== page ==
Do I Need a Customs Bond to Import Auto Parts?Do I Need a Customs Bond to Import Auto Parts

Commercial importers of auto parts need to familiarize themselves with customs bonds. There are two main situations that usually call for an importer to obtain a customs bond:

  • The products are worth over $2,500 and are being imported for commercial purposes
  • The items being imported are regulated by another federal agency

Either or both of these situations could apply to your auto parts. Engines, for example, are regulated by the EPA. Other auto parts are overseen by the Department of Transportation.

A customs bond guarantees that Customs and Border Protection receives the necessary duties and taxes on the items brought into the United States. In the event that an importer cannot pay the required costs, the surety company that issued the bond will pay the remainder.

To determine whether your auto parts require formal declaration through a customs bond, consider import consulting services that can ensure you are following all of the requirements on the federal and state levels.

What Kind of Bond Do I Need to Import Auto Parts?

The type of bond necessary for your import will be based on your business needs. There are two main types of bonds. Which you choose depends on how frequently you import goods into the United States.

Single Entry Bond

A single-entry bond covers a one-time importation. If you will only be importing a shipment a single time over the course of a year (or even just two or three times), a single entry bond will usually be sufficient. Single entry bonds are for the value of the items along with any duties, taxes and fees.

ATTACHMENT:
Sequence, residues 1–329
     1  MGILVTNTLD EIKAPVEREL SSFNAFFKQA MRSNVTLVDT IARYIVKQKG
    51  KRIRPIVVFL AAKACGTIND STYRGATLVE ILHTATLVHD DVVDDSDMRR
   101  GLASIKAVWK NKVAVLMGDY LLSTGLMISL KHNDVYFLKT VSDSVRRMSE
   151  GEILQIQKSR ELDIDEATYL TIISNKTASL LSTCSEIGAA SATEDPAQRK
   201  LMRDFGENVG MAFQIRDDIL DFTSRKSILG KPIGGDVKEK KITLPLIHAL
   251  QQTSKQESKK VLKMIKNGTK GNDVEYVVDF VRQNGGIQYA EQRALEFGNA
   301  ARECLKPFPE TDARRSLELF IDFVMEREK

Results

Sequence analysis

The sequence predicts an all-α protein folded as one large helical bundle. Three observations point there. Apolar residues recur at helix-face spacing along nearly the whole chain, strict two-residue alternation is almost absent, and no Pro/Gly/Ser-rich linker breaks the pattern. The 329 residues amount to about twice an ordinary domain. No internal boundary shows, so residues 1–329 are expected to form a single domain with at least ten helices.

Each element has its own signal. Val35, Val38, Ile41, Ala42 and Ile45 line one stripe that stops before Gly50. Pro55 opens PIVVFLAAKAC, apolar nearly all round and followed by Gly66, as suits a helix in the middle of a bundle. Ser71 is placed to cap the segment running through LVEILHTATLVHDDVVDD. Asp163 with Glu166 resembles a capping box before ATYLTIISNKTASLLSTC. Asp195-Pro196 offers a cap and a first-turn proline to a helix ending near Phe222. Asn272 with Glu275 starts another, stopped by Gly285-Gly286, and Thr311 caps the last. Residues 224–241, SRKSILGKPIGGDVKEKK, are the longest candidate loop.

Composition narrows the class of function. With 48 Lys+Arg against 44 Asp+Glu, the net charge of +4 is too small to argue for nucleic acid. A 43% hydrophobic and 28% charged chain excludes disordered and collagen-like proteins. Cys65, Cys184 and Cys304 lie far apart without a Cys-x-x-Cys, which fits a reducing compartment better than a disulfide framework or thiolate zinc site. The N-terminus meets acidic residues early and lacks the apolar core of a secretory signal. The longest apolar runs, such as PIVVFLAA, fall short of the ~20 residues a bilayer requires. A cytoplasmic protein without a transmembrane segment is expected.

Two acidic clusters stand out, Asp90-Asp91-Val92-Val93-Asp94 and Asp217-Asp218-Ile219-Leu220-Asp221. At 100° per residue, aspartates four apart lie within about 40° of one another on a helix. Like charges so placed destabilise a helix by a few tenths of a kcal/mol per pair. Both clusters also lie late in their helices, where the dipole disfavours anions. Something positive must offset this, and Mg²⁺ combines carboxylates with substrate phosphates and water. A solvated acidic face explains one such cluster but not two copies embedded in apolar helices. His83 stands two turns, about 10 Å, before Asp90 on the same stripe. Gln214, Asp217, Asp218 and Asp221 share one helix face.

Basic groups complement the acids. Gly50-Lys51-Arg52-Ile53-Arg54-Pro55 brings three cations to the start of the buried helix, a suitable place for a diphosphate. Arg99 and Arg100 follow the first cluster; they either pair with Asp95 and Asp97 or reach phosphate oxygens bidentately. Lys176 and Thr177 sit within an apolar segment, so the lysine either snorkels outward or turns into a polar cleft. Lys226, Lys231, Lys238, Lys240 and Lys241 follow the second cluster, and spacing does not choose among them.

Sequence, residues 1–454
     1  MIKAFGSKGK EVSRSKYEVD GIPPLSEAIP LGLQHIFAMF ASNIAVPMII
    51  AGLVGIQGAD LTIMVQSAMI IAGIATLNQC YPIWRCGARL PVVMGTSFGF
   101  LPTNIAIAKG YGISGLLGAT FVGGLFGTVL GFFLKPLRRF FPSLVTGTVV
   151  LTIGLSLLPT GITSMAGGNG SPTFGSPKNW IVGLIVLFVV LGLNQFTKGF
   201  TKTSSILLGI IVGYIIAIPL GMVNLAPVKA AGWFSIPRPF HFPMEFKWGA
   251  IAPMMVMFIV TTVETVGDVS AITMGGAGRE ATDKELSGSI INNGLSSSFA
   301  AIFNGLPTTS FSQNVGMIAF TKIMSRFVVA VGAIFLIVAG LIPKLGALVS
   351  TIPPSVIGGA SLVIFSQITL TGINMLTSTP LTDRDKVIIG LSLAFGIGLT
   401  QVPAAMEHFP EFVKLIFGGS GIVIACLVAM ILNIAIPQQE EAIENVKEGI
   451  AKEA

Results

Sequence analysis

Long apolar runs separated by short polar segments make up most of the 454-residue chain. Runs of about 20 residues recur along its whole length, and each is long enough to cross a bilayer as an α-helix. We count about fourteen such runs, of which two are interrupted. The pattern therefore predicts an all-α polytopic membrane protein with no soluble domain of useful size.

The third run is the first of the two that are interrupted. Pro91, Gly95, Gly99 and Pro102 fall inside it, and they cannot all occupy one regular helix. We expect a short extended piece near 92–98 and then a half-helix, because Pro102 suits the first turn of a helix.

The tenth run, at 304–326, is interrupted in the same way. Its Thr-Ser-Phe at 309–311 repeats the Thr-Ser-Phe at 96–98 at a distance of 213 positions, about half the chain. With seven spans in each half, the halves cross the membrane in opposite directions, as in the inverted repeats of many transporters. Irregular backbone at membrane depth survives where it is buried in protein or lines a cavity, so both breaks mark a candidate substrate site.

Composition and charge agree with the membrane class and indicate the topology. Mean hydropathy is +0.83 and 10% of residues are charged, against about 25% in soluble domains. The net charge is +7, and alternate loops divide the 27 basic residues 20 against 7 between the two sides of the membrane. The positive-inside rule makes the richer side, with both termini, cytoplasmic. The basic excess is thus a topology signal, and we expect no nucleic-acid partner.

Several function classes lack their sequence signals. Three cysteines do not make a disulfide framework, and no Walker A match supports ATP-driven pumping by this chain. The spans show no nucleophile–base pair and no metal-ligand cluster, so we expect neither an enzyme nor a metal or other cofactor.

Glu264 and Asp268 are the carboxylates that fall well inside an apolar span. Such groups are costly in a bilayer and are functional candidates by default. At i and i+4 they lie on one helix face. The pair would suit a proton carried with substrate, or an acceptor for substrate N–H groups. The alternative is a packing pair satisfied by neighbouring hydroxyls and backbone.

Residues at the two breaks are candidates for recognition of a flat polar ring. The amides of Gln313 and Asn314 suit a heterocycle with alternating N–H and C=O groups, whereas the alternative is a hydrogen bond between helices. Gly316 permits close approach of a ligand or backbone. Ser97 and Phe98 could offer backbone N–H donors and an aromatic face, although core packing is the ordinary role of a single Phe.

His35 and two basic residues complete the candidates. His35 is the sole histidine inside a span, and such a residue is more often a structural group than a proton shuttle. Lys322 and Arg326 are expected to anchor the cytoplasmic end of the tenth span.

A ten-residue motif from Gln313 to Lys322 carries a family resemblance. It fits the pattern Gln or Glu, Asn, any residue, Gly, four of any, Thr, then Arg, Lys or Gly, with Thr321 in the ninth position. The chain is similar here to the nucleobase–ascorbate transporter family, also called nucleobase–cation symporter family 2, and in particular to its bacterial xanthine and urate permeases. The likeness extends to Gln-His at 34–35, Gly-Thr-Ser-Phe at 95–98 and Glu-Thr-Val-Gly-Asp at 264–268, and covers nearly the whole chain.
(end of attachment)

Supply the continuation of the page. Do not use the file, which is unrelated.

Continuous Bond

If you will be importing items many times throughout the year (say, four or more), a continuous bond is the best option for your business. These bonds cover multiple transactions and are typically 10 percent of the duties, taxes and fees paid by the importer in the last year.

The Import Documents You Need

When importing items into the United States, there are documents you need to prepare to clear the customs process. These documents will make sure your items successfully make it into the country:

  • Commercial invoice: This lays out the products, their value and quantity, and information about the manufacturer and importer.
  • Packing list: For each container, this document lists the contents, dimensions and weight.
  • Bill of lading: The bill of lading is a contract between the carrier and the shipper that details the shipment’s contents. It serves as a receipt that the carrier received the items for shipment.
  • Arrival notice: Issued by a U.S. agent, this document details information about the shipment’s arrival and other information needed to clear customs.

Do I Need a Customs Bond Broker?

The customs bond process can be intimidating for newbies, whether you are importing cars to the USA , importing motorcycles or auto parts. When you’ve determined that your auto parts require a customs bond, you should consider enlisting a licensed customs broker to take care of navigating the process.

An experienced agent or broker has the expertise necessary to make obtaining a customs bond as smooth as possible. They will ensure that your shipment meets all of the requirements, and will help avoid any delays or issues that could arise from mistakes made in the customs process.

A licensed customs broker works on your behalf to make importing easy. If you need guidance with your import, use the chat feature to learn more about customs brokers and consulting services.

0 comments on “Importing Auto Parts Into the U.S.”

  1. I have volkswagon partsin mexico that are needed in the us. Like switches hub caps horns all brand new. Trimming. May i cross things like this over to us soil

    1. Hi Angel, all items entering into the United States whether you ship them or carry them, will need a declaration to US Customs when they enter the country. Some countries also require a declaration before you leave the country. If you'd like more information, please email us at customsbrokerage@rlglobal.com